In response to 2012 reunion of the class of 1952 questionnaire Joyce answers the follow questions.
Personal: What have you been up to since graduation? First job was teaching first grade in Connecticut. Married and moved first to Pensacola and then Jacksonville, Florida, where I taught 4 and 5 year old classes and ended up director. After 28 years and 4 children, we moved to northern Virginia fir a 5-year stint then moved to Athens Georgia, where we remain today.
Family? Married George R.(Bob) Barker, April 25, 1953. We have 4 children: Karen (labor and delivery nurse in Atlanta), Bruce (owner of Athens Art and Frame with 3 shops in Athens), Diane (teacher of exceptional children in Tribune Kansas), and George (consulting forester in Tallassee Alabama). From these 4 and their spouses we have 17 grandchildren and two great grandchildren,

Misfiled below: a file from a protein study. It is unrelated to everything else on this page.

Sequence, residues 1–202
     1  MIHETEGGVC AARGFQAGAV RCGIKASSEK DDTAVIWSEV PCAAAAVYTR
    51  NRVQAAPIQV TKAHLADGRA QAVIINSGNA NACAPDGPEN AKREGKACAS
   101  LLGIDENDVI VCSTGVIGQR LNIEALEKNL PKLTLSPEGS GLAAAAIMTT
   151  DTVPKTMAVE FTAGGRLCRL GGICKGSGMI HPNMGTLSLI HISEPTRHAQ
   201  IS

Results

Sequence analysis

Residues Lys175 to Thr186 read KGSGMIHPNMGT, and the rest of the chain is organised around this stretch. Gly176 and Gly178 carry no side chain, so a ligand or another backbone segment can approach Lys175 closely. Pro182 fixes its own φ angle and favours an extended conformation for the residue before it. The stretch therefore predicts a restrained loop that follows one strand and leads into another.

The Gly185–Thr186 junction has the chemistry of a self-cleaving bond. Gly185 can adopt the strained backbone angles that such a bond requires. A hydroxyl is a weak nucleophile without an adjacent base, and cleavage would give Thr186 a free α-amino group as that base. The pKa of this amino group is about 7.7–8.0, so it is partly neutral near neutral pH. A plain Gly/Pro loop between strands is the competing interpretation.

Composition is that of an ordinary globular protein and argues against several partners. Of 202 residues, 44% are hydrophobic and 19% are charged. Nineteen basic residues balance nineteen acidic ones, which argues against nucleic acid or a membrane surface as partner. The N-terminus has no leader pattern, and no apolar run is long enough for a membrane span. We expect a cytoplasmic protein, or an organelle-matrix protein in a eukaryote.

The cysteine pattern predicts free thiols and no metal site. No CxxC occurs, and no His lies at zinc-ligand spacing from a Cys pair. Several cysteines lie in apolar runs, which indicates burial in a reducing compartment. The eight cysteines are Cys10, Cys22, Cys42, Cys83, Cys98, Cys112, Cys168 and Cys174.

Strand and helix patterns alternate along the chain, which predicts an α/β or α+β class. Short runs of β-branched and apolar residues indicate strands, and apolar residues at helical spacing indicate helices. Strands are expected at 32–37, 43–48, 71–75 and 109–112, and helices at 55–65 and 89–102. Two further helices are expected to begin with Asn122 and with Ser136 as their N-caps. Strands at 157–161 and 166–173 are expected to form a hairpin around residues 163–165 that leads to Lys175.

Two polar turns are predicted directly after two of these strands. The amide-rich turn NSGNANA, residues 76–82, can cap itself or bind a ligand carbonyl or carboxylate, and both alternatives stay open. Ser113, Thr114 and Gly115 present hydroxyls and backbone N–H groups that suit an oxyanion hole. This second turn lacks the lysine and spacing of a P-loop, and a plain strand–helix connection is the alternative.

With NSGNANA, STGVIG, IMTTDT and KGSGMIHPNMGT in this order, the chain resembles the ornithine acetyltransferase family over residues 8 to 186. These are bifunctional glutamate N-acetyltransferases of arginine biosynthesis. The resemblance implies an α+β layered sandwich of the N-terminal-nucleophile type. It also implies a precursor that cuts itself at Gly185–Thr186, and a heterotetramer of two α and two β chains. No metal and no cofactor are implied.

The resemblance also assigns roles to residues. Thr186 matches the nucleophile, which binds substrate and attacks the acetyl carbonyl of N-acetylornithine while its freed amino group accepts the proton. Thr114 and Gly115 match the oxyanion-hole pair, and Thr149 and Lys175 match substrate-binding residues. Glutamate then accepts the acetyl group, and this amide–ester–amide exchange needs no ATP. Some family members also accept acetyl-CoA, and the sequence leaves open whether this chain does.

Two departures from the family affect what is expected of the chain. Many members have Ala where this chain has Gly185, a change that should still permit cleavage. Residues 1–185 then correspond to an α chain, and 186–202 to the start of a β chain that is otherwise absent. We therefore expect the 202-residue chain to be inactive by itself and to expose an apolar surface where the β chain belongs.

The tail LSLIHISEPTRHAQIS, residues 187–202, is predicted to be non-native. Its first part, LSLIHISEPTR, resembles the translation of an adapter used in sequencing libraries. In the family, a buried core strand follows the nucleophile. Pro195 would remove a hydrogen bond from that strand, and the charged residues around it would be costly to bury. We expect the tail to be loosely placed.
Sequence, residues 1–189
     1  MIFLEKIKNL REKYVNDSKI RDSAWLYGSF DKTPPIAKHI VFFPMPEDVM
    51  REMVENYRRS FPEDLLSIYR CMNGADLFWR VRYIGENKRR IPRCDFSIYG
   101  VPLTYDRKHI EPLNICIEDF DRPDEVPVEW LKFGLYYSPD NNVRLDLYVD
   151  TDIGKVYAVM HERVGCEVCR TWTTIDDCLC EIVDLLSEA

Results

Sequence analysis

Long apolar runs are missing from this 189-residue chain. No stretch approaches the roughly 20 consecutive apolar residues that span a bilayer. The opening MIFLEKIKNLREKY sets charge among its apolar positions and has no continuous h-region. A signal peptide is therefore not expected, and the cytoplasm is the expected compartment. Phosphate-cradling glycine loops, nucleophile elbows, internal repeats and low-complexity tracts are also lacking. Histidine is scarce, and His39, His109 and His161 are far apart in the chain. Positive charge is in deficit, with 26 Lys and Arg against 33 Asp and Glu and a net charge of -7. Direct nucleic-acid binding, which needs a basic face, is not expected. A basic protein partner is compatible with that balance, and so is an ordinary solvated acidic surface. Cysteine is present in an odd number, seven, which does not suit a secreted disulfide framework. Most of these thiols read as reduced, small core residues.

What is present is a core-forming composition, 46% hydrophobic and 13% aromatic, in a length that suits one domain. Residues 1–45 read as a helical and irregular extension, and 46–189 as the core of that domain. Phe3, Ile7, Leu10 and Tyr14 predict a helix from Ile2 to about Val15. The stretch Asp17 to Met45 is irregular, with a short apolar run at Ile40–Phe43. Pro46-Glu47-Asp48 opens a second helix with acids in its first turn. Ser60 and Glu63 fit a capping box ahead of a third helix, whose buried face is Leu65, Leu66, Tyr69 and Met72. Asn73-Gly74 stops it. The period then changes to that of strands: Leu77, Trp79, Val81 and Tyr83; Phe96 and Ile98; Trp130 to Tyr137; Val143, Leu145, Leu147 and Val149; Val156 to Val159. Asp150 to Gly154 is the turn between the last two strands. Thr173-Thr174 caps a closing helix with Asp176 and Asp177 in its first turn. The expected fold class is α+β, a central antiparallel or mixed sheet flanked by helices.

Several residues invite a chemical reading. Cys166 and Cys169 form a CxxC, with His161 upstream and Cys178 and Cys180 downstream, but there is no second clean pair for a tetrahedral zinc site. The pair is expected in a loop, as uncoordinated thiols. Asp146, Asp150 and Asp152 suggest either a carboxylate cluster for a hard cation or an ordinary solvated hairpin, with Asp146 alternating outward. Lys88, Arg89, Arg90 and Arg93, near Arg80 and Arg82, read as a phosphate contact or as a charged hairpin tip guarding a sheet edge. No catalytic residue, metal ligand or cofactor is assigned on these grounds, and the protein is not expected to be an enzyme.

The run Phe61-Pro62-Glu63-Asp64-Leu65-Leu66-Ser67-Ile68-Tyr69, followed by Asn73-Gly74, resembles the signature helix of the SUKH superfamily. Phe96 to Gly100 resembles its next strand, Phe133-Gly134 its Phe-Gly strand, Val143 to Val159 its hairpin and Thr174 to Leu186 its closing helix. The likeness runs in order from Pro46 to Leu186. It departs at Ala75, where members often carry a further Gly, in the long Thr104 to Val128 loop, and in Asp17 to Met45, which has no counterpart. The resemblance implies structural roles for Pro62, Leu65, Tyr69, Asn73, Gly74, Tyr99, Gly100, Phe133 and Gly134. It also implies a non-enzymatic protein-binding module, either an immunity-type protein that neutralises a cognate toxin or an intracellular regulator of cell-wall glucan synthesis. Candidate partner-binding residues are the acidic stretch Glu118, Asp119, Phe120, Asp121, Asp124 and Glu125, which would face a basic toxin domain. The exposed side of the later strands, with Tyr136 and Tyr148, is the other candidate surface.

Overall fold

What is your most vivid memory of your college years? One of the most vivid event memories of my college years was the 1 competition of the annual Song contest, but more lasting were the people: having the same roommates for all four years, living in Grey Towers and waiting for the bus to take us to the other side, and meeting so many girls from different parts of the country was great and a valuable learning experience. Quite frankly, there are sooo many memories, it’s hard to mention them all.